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Assessing the Accuracy of Published Natural Mortality Estimators Using Rates Determined from Five Unexploited Freshwater Fish Populations

Maceina, Michael J., Sammons, Steven M.
North American Journal of Fisheries Management 2016 v.36 no.2 pp. 433-446
Ameiurus, Lepomis gibbosus, Micropterus dolomieu, Micropterus salmoides, Perca flavescens, data collection, equations, fisheries, freshwater, freshwater fish, marine fish, mortality, otoliths, population dynamics, prediction, uncertainty, water temperature, Hudson River, New York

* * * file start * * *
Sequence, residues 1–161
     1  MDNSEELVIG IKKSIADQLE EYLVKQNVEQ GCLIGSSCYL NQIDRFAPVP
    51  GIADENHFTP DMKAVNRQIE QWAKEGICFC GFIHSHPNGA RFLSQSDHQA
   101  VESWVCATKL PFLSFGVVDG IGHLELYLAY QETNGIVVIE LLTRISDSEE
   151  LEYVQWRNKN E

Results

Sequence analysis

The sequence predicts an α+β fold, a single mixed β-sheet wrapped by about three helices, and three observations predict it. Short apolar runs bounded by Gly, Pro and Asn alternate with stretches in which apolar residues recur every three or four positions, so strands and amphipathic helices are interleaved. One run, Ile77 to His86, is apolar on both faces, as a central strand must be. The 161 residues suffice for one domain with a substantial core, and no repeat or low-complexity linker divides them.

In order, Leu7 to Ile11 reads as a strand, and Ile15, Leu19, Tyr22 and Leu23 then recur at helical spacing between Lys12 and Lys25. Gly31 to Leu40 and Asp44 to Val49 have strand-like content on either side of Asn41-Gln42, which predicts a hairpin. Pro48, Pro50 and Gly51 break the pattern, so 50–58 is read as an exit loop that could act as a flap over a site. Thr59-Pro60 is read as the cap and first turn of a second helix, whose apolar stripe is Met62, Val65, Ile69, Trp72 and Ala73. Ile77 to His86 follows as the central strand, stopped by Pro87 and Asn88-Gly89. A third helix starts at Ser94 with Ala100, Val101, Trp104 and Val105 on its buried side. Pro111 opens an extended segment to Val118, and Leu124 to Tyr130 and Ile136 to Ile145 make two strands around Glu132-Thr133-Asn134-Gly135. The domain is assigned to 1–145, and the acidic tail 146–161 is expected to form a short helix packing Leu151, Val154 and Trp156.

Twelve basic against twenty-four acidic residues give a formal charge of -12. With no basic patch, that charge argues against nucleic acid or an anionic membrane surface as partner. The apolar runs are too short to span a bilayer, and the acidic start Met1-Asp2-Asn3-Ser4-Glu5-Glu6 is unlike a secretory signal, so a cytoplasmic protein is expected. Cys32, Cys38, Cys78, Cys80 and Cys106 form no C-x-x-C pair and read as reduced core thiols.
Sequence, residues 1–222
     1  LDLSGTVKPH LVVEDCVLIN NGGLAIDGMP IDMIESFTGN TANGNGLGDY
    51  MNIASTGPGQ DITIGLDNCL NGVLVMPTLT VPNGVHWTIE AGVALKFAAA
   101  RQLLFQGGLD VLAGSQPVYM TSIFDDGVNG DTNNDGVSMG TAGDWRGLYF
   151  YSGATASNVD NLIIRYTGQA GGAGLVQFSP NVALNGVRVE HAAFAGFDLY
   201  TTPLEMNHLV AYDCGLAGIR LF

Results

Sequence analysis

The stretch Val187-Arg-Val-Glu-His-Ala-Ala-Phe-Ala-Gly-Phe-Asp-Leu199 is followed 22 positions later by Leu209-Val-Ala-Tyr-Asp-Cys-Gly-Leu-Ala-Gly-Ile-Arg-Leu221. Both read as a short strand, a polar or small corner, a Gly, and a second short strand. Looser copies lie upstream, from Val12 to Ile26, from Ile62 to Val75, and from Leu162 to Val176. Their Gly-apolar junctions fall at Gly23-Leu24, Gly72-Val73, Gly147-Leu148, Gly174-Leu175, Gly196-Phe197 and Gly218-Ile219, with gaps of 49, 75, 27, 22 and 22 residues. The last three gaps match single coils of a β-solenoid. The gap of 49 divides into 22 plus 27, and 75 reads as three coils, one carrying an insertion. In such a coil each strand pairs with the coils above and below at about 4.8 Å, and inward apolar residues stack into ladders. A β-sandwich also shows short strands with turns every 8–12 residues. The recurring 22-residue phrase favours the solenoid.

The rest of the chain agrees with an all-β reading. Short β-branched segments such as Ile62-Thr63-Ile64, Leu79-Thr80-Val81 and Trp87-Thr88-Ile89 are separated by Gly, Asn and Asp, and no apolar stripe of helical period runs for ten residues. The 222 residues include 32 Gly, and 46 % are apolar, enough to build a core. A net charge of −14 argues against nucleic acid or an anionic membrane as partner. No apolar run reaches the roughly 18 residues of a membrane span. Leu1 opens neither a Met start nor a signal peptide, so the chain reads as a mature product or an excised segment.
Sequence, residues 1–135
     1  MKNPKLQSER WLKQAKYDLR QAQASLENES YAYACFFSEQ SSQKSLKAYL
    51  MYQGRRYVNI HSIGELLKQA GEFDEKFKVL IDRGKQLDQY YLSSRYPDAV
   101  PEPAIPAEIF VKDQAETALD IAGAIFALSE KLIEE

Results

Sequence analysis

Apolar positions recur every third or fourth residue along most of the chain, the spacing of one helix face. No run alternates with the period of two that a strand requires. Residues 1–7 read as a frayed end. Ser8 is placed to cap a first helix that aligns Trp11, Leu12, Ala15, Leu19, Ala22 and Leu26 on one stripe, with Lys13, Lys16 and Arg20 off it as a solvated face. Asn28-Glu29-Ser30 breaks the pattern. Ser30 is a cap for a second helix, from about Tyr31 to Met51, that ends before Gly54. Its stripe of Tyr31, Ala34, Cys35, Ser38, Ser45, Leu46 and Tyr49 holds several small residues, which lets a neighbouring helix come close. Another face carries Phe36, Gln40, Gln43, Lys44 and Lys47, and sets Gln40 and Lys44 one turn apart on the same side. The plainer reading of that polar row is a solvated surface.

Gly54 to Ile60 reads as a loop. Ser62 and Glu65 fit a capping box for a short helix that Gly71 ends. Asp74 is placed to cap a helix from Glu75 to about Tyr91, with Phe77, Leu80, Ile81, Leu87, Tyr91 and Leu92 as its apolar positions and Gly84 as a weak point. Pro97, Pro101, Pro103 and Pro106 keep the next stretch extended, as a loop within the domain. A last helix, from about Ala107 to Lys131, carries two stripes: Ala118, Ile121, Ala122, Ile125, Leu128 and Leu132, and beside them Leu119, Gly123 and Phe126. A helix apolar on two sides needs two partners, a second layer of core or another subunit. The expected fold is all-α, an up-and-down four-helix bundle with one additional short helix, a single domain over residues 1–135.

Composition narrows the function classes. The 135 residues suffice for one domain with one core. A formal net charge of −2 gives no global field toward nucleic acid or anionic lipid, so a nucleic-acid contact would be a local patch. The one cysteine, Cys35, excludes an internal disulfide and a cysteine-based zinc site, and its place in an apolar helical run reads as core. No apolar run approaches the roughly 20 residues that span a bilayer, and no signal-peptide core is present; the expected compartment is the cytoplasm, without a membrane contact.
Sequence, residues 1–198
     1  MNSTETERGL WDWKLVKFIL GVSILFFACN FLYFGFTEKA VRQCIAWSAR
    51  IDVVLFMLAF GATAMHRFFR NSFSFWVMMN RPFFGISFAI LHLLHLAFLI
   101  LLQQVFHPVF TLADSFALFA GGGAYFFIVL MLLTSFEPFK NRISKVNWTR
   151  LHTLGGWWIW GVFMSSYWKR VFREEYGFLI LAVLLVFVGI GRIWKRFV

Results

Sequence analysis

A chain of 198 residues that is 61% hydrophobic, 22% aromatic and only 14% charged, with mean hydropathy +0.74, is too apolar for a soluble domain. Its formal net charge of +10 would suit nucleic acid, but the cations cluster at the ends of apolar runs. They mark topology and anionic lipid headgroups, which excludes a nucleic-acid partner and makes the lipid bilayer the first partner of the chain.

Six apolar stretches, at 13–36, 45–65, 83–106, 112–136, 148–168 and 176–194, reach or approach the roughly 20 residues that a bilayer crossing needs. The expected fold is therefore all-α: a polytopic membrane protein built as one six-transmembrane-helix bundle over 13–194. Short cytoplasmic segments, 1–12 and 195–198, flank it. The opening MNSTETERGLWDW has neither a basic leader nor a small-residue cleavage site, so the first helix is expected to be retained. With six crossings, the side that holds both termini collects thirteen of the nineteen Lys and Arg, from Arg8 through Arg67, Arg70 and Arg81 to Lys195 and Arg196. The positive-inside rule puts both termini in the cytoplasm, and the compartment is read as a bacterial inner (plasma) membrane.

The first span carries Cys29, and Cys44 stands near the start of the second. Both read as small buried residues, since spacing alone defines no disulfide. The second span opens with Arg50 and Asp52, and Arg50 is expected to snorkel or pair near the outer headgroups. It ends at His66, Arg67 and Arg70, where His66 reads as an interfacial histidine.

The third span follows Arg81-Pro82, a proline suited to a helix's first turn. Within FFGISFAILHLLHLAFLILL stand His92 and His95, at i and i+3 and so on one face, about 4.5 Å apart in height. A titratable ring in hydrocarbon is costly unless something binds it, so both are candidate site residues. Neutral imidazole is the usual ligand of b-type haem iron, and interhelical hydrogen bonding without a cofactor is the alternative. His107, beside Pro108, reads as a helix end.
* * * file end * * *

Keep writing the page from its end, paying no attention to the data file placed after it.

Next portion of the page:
Natural mortality is a vital demographic variable that is necessary for describing population dynamics and conducting fishery assessments. The instantaneous natural mortality rate (M) can be estimated through a variety of empirical methods, but they typically require extensive data collection (e.g., aging, tagging, and estimates of exploitation). Alternatively, M has been estimated using theoretically and empirically derived equations, some of which require minimal data, making their use attractive for application to information-limited fisheries. Most such equations were derived from marine stock assessments and have not been validated for freshwater fishes. We used age-frequency analyses to estimate M for unexploited populations of Largemouth Bass Micropterus salmoides , Smallmouth Bass M. dolomieu , Brown Bullheads Ameiurus nebulosus , Yellow Perch Perca flavescens , and Pumpkinseeds Lepomis gibbosus in the upper Hudson River, New York. We then compared our field-based estimates to M values predicted from nine published estimators. Using catch-curve regressions and the Robson and Chapman (1961) method, we estimated M for these populations with a sample of over 12,000 fish—nearly 2,000 of which were aged with otoliths. Variables used in the nine published estimators included maximum age, length, and weight; coefficients of the von Bertalanffy (VB) equation; the sample size used for aging; and average annual water temperature. The published estimators predicted M values that were fairly similar to our empirically derived values, although some estimators performed better than others. The mean of M values from the estimators was within ±0.12 units of the average derived from our age-frequency analyses. For the five estimators that utilized the VB growth relation, the M values were sensitive to changes in VB coefficients. For Largemouth Bass and Brown Bullheads, the unmodified VB growth functions did not conform to our observed length-at-age data, so we present modified VB equations for those species; coefficients derived from the modified equations appeared to provide more accurate predictions of M . Although the published estimators of M were primarily developed for marine fishes, they provided fairly accurate initial estimates of M (when bounded by uncertainty) for the five freshwater species we examined. Received July 10, 2015; accepted November 30, 2015 Published online April 5, 2016